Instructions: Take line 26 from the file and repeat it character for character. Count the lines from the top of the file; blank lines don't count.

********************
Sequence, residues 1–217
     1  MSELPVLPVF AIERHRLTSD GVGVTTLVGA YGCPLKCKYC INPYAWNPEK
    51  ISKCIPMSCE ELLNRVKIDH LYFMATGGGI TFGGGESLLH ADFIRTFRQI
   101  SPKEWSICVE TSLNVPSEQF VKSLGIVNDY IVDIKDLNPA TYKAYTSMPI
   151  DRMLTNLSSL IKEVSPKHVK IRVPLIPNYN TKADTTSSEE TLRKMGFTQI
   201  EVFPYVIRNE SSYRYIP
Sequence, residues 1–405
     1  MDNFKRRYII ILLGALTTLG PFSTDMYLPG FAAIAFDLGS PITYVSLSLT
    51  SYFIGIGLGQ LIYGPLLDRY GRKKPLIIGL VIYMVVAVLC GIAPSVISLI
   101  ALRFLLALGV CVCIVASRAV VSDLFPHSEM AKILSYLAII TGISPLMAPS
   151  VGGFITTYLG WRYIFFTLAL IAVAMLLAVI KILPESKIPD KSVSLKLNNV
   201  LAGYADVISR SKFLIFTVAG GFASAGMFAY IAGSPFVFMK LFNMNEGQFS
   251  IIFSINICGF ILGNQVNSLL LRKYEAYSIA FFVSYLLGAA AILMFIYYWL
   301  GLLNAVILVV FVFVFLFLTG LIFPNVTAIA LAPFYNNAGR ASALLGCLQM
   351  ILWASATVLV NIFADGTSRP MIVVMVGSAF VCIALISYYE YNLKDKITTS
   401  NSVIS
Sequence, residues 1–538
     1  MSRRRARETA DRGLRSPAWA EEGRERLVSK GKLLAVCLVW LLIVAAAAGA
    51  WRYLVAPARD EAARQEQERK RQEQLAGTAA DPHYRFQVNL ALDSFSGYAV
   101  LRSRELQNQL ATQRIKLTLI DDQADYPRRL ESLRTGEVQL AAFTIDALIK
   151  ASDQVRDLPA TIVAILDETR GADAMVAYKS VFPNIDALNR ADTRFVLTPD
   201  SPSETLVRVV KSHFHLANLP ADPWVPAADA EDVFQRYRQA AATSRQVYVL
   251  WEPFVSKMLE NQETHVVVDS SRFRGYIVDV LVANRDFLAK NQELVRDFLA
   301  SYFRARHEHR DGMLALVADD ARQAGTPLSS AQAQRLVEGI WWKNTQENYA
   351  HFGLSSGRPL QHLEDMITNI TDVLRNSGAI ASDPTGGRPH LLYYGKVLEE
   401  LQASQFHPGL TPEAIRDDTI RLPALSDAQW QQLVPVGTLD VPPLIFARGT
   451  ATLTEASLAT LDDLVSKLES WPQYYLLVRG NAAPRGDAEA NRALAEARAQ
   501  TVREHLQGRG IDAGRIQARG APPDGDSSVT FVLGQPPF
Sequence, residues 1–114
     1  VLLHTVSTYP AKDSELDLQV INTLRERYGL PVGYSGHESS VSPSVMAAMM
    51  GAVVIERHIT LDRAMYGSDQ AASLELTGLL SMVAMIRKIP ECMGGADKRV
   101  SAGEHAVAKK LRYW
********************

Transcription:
   401  LQASQFHPGL TPEAIRDDTI RLPALSDAQW QQLVPVGTLD VPPLIFARGT